When we think of dolphins, many of us imagine the tropics – warm, blue, pristine waters teeming with dolphins. What we might not always think of are the many species of dolphins that call Canada home! Here are a few of them:
Pacific white-sided dolphin
Known for the distinct white patches on their sides that give them their name, Pacific white-sided dolphins are extremely social and playful. They can often be spotted swimming near the front of a boat, breaching, splashing or even spinning in the air.
Killer whales are actually dolphins! In fact, they’re the largest of the dolphins and one of the smartest animals on the planet, challenging chimpanzees and gorillas for the top spot. They are also extremely curious and will approach people to investigate.
Octopus, squid and other cephalopods are the Risso’s dolphins favoured food. These dolphins are born a greyish colour, but many have extensive white scarring made by the teeth of other dolphins and by the beaks of their prey. They’re very gregarious and are often seen with other dolphin species, they have even been known to hybridize, or interbreed, with bottlenose dolphins!
Atlantic white-sided dolphin
Fast, charismatic and colourful, Atlantic white-sided dolphins can be spotted in the Gulf of St. Lawrence. They are a dark blue-black colour on the top with white to yellow sides and a large sickle-shaped dorsal fin.
Short-beaked common dolphin
Short-beaked common dolphins are one of the most frequently spotted dolphins around the world. Their population is listed as ‘least concern’ meaning they are not considered threatened or near-threatened. They are often confused with their close relative, long-beaked common dolphins. For many years, both species were known as the “common dolphin,” but recently they were divided into two species, separated by size, appearance and habitat.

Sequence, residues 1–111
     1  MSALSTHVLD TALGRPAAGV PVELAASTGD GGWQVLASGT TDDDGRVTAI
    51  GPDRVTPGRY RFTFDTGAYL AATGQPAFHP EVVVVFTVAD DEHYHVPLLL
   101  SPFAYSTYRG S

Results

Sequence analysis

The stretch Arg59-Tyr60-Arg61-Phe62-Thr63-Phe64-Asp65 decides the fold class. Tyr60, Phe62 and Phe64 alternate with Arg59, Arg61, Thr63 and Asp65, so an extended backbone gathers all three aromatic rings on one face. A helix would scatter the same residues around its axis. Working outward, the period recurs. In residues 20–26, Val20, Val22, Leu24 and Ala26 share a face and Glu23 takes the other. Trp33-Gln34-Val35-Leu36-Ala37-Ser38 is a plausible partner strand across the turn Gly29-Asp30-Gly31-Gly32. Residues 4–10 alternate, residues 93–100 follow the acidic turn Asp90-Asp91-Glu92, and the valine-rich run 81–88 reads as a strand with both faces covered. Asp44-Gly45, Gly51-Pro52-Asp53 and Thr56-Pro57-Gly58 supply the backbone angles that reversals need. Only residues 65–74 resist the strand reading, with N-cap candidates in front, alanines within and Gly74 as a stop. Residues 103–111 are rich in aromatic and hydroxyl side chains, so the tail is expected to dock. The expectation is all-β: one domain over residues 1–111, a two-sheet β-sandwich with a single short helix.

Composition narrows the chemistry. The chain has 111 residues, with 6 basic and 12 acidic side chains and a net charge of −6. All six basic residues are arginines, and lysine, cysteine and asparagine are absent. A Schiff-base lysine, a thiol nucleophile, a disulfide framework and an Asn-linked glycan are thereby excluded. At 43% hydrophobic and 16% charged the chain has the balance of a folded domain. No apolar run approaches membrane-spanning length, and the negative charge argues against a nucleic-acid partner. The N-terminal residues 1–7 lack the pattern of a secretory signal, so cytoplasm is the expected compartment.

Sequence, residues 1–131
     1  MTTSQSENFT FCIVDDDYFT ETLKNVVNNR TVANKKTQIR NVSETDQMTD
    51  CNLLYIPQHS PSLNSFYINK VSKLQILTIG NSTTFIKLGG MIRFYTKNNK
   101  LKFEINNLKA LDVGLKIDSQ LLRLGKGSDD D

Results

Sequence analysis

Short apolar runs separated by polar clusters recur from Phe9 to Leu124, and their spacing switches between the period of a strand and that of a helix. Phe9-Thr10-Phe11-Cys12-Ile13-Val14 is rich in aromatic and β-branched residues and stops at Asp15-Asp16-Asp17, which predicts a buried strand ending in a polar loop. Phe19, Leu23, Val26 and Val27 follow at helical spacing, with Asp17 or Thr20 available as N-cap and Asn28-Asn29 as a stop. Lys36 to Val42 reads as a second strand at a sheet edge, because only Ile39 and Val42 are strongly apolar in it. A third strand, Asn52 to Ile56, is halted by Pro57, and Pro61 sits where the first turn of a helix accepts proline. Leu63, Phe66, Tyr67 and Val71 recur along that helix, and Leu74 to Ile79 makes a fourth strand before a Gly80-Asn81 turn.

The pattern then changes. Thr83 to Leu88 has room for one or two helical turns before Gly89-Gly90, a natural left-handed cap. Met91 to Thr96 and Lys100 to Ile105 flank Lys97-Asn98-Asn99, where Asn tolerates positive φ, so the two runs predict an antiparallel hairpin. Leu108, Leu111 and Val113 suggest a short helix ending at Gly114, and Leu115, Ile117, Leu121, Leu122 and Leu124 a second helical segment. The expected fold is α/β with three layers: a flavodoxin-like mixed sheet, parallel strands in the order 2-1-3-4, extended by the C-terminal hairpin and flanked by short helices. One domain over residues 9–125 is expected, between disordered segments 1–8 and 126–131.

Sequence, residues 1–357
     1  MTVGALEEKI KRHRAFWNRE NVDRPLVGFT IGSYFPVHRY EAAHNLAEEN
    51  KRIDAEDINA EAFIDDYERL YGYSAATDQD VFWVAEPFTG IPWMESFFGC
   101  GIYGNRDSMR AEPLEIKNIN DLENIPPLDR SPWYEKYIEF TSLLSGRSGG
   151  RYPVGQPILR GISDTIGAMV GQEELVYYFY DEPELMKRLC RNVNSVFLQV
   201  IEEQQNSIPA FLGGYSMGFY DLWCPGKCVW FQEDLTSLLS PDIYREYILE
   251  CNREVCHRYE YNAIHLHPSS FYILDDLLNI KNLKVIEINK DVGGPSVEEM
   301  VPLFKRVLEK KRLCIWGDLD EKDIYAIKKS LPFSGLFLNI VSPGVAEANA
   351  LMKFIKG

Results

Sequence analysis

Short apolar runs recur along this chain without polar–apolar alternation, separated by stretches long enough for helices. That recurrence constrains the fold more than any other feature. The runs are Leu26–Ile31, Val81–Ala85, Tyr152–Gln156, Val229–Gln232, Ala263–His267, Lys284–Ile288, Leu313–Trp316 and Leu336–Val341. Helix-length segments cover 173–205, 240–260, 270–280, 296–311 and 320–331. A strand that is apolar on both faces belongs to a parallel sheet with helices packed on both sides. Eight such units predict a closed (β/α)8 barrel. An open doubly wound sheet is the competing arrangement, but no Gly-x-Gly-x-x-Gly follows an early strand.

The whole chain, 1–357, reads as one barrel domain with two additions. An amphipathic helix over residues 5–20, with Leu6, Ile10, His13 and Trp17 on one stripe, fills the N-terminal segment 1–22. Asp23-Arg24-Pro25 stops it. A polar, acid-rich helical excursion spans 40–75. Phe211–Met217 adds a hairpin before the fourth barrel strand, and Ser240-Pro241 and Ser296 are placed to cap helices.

White-beaked dolphins can be found in the cold waters of the North Atlantic, often ranging into ice-free arctic and sub-arctic waters – who said dolphins were only found in the tropics!? They have short, thick beaks and typically live in groups of five to 30 individuals.
Striped dolphins are very social and acrobatic – they can jump several metres high! They are commonly spotted in the summer off the coast of Nova Scotia living in smaller groups of 25 to 100 individuals. They’re very fast swimmers and can dive extremely deep in search of prey.
Northern right whale dolphin
These dolphins are named after right whales and, like the whales, they lack a dorsal fin. Northern right whale dolphins are very slender, mostly black in colour and can be found in the deep, cold waters of the Pacific Ocean. Their close relative, the Southern right whale dolphin, lives in the southern hemisphere and is quite similar in appearance.